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Re: Fastest split possible

by Anonymous Monk
on Nov 07, 2019 at 01:14 UTC ( #11108411=note: print w/replies, xml ) Need Help??

in reply to Fastest split possible

Well, you do not tell us how huge your "huge string" is. But, even so, in these modern times I find it very difficult to imagine how any plausible difference of approach would actually make a human-measurable difference, therefore worth losing any coding-sleep about. All that being said, yes, your existing approach could be regarded as "expensive," such that in a legitimate edge-case you could perhaps justify replacing it with a loop based on either the string-position function or the "/g" regex modifier. But this decision should be guided by ... "are you in actual, measurable pain?"

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Re^2: Fastest split possible
by Your Mother (Bishop) on Nov 07, 2019 at 02:31 UTC

    You really should try reading the previous answers before remarking. Trying a little harder to cover up your style will spare you 3 or 4 downvotes at this point as well; draws attention to the lack of answer.

Re^2: Fastest split possible
by jcb (Vicar) on Nov 08, 2019 at 01:04 UTC

    All you need is for scanning that string to be in an inner loop and you are screwed even on modern hardware. The questioner is asking about making split faster and has presumably already found that to be the limiting step in his program. There are already benchmarks in this discussion showing that the split builtin is about 4–5 times faster than any of the Perl equivalents the monks have suggested so far.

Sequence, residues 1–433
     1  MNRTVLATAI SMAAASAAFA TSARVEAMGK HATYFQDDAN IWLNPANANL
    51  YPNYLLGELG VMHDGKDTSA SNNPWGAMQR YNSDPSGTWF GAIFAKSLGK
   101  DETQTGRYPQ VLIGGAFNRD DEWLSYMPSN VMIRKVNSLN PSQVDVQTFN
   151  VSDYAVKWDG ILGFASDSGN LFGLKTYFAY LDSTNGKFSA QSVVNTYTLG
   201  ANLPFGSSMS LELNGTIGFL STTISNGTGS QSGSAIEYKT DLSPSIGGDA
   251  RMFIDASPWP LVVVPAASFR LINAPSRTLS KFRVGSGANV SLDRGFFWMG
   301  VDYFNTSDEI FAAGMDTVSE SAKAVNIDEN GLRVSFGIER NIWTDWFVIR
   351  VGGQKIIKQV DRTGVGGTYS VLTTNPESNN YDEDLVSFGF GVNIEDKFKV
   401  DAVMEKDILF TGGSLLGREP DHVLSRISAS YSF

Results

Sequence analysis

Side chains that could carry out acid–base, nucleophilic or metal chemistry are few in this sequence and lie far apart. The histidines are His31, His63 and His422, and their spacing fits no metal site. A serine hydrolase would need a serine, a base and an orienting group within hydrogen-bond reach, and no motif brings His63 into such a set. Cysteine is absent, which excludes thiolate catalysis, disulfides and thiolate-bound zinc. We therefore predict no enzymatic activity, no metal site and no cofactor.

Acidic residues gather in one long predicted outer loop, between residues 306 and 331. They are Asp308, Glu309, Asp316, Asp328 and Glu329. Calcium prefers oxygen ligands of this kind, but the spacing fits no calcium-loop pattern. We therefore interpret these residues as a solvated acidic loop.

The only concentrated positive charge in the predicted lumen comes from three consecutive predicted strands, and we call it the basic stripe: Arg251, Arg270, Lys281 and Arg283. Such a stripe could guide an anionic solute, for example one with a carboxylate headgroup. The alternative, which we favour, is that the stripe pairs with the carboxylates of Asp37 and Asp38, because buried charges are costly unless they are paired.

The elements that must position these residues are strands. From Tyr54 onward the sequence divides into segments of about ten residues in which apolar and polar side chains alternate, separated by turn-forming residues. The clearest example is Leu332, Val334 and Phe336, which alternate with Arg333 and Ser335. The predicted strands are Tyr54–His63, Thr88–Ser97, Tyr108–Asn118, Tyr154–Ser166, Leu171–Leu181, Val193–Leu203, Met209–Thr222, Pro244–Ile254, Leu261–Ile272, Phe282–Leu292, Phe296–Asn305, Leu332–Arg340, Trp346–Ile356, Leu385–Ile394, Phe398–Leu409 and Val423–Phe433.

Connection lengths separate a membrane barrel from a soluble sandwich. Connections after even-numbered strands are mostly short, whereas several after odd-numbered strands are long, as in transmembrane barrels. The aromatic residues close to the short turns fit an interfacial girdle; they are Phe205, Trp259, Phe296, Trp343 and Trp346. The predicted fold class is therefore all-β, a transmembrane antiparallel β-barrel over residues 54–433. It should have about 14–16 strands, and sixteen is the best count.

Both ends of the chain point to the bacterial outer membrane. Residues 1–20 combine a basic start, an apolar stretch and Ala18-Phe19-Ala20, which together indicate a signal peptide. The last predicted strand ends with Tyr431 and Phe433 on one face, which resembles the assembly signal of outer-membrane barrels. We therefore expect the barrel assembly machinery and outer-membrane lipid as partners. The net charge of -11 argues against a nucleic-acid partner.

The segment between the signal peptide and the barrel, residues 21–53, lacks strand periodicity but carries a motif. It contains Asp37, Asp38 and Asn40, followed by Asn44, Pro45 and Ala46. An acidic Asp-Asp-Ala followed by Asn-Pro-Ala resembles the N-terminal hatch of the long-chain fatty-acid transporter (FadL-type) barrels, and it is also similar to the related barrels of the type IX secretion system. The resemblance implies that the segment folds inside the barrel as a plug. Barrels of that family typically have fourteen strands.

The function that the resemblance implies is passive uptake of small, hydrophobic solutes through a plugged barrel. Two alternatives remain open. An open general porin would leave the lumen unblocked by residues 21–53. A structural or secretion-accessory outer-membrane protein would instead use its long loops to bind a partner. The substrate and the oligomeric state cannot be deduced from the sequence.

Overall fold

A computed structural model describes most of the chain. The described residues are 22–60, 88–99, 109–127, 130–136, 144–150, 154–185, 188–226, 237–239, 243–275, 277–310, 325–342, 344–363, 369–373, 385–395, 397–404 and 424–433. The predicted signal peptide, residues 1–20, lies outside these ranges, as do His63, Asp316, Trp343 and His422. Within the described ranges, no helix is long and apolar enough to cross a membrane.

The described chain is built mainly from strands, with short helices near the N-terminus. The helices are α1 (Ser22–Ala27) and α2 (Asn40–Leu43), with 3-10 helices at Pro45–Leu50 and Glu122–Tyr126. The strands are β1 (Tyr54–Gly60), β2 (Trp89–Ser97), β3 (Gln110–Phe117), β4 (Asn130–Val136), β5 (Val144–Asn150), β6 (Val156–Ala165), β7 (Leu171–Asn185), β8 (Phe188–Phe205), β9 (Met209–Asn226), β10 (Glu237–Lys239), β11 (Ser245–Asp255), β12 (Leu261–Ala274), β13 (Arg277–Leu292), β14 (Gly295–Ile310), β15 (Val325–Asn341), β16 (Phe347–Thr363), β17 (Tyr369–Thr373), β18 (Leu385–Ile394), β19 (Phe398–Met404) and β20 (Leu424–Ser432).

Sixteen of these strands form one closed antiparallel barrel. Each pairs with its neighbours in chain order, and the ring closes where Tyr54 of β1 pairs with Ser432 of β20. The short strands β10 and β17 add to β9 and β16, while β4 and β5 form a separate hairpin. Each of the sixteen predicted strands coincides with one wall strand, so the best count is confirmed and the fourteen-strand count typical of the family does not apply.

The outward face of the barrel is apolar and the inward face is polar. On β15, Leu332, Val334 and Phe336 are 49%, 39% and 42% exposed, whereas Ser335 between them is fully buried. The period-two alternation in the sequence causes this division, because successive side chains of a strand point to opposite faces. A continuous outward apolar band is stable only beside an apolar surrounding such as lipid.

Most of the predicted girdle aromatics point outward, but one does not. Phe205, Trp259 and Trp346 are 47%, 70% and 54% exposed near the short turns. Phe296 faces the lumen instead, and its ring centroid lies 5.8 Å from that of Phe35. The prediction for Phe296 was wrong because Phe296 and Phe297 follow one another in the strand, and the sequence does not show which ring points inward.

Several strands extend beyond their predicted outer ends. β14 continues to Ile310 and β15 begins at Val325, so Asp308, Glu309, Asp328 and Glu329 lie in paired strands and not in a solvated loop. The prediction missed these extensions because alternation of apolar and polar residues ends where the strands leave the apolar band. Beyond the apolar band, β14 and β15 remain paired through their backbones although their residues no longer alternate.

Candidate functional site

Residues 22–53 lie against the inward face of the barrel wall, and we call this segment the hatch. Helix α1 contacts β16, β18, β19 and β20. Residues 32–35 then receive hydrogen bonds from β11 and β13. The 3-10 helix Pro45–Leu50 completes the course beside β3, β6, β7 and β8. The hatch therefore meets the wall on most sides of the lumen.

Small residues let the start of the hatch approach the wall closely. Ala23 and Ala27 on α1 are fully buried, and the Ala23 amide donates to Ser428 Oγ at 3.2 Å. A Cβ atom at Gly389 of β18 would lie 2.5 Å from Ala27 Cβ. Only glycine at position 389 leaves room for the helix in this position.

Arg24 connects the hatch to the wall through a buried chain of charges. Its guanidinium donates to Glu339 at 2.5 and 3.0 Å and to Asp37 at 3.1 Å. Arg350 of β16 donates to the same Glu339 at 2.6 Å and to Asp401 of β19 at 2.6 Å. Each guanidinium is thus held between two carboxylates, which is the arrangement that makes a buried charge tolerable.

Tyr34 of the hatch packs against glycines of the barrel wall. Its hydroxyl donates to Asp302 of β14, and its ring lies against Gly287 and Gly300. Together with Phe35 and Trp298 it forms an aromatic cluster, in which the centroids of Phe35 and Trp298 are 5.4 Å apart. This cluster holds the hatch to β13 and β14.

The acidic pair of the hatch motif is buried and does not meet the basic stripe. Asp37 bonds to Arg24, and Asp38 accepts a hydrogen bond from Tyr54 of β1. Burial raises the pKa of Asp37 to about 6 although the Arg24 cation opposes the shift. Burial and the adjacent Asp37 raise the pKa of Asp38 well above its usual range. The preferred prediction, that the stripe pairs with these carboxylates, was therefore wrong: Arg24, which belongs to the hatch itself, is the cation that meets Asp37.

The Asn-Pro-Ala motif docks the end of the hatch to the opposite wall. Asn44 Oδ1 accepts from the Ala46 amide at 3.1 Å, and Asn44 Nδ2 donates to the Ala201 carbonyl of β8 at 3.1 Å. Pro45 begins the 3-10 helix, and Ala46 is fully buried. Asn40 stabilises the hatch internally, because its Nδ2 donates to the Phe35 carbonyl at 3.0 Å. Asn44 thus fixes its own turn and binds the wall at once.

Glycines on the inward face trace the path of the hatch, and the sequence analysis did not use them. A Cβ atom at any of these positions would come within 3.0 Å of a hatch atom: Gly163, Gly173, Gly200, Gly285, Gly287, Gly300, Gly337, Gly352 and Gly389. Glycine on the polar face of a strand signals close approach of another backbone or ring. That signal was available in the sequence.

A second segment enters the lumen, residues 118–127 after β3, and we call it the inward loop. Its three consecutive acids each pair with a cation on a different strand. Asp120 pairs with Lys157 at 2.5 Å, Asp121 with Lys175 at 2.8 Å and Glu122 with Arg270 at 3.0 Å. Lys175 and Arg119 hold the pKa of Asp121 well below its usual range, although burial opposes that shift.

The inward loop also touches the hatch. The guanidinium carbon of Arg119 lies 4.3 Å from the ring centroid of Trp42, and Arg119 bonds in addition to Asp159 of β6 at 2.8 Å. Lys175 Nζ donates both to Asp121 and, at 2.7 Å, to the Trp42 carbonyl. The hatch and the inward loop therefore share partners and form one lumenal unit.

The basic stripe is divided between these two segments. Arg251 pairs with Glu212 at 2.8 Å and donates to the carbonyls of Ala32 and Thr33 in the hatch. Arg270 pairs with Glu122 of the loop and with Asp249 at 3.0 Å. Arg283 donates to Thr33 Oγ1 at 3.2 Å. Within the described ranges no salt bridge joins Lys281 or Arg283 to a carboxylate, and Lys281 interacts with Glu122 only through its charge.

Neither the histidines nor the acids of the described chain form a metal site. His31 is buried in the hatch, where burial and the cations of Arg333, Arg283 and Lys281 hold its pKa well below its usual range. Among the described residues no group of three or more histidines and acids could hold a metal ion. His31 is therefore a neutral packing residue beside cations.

If this is in an inner loop, yes, even a small difference could be the difference between "good enough" and user complaints that "it takes too long". The solution is probably to reorganize the program to ensure that the string is only scanned once, but if that is already the case, we may have a situation where data is arriving too fast for a single node to handle and we need to scale out into a cluster. The first step in that direction is always the hardest because adding the coordination overhead means you may need two or three nodes just to match what one node could previously handle. Of course you can then add more nodes once you have paid that cost, but this is getting way into "XY Problem" territory for this discussion.

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